The best feedback will come from those who don't love your product or your brand and their honest feedback is worth listening to before you spend too much money. You may be missing a huge opportunity by ignoring customer and market feedback, so stow away your feelings and fears and get yourself out there.
Bottom line; fall in love with your customers not your product.

3. Not knowing your numbers (or KPIs)

Metrics are the key to success in any startup because you can't fix it if you don't know how broken it is. When I help startups understand their numbers, they feel more in control, make better decisions, and even have a renewed sense of hope. Numbers tell important stories; listen to them and the path to success will become clear.

So what numbers matter most to a startup? Customer Acquisition Costs (CAC), Customer Retention, Number of Touches, Revenue, Referral Rates, Conversion Rates – do your homework – the numbers matter.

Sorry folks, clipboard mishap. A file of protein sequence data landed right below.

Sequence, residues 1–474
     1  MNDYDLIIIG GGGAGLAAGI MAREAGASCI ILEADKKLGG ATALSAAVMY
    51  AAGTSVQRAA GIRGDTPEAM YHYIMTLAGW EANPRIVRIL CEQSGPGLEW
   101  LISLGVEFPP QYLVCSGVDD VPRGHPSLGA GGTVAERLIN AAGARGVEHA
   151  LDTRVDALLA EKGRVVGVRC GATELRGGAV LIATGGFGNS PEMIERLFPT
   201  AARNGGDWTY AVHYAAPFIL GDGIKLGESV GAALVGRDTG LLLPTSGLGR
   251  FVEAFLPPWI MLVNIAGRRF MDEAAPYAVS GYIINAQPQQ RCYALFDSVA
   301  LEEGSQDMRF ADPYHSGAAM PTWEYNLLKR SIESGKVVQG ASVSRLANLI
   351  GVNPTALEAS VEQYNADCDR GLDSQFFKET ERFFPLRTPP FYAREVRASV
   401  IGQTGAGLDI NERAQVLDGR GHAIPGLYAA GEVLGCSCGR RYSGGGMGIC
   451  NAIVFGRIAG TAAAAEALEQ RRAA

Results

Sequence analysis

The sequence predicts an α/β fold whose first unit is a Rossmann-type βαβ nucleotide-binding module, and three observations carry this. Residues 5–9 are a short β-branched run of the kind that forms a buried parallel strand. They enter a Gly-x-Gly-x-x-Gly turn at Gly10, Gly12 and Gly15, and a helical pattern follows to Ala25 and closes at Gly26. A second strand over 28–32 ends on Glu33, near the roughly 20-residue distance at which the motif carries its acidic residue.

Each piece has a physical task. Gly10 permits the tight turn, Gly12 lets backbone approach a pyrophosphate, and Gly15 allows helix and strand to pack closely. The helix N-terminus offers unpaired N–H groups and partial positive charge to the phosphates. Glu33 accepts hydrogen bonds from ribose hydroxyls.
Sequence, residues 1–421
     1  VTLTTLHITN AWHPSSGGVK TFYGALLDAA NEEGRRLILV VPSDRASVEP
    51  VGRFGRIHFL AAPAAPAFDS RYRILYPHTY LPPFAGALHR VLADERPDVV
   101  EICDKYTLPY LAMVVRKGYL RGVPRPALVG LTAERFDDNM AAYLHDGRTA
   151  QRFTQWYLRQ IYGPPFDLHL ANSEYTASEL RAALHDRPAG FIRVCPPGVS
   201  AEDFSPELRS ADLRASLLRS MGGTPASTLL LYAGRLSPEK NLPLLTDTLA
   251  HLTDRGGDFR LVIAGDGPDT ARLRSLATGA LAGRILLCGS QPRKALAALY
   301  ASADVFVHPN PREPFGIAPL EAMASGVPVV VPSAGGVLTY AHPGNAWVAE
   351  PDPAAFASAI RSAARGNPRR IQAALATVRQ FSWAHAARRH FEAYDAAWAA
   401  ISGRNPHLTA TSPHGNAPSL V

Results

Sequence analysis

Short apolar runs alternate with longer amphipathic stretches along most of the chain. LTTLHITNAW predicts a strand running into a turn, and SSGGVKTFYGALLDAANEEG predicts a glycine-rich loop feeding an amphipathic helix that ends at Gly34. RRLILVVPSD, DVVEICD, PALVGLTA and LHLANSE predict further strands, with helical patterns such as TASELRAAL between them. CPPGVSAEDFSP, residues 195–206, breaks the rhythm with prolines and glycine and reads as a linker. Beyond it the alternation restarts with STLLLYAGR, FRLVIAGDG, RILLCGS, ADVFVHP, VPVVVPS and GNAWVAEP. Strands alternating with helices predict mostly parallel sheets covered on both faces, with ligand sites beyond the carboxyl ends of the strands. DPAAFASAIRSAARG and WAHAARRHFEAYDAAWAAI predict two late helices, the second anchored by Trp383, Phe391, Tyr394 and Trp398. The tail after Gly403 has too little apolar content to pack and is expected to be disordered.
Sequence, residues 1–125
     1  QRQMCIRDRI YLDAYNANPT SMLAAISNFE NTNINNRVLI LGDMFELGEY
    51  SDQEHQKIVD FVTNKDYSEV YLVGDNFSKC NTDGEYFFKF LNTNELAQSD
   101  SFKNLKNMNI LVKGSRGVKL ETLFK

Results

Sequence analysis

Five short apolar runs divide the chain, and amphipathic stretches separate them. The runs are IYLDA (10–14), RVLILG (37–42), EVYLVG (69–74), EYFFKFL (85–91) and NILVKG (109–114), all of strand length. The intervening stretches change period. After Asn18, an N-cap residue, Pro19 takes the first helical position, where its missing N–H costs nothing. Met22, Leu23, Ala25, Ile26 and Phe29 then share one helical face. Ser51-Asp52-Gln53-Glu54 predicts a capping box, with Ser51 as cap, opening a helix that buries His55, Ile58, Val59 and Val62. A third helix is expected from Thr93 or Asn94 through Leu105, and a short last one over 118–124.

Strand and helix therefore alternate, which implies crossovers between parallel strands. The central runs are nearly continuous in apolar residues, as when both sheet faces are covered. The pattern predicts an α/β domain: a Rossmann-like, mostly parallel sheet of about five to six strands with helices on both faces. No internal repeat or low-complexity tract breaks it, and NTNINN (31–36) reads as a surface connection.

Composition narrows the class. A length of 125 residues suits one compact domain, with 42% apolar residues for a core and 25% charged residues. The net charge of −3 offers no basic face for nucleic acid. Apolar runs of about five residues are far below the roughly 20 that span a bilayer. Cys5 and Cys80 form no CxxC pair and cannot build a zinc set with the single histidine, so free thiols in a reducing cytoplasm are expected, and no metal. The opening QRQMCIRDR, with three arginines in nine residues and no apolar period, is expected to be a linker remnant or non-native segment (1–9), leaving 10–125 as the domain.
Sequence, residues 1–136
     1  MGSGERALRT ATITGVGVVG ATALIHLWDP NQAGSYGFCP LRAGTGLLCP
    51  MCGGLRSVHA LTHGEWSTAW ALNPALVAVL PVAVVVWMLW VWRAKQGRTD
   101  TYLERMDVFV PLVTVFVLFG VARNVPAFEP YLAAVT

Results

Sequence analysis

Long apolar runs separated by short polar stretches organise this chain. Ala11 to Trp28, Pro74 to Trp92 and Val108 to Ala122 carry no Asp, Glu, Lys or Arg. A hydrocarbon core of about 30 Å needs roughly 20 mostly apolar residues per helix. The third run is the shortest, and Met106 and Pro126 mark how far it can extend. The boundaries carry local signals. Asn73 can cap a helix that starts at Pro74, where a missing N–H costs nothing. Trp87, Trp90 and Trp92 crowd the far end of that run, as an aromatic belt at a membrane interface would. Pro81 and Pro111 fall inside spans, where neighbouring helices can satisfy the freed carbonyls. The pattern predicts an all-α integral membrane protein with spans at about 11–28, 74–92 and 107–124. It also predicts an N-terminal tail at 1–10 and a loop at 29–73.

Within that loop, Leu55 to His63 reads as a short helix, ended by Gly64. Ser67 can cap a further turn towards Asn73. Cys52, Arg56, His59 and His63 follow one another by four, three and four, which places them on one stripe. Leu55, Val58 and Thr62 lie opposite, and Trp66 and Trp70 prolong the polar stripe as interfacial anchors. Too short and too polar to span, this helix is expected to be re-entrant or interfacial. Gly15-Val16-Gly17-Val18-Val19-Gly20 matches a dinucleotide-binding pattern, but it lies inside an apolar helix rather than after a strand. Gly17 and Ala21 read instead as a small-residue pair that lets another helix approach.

Also read: 10 Business Ideas You Can Launch in 7 Days

4. Failing to become the leader

As a new entrepreneur, we all start out wearing many hats, product evangelist, culture warrior, even programmer or janitor. In startups you will do everything from janitorial work to sales - but at some point you'll have to step into the shoes of a CEO, the leader of the team.

In this role you will need to be able to articulate your company's mission and a clear and concise vision. You'll have to communicate your vision to many people while maintaining a solid grasp on the processes you helped to design, company culture and policies, and partnership and growth opportunities. What will make you a successful entrepreneur in the end is your ability to make the transition from solo superstar who attracted the money to a leader of a competent team who can share the spotlight – and your success.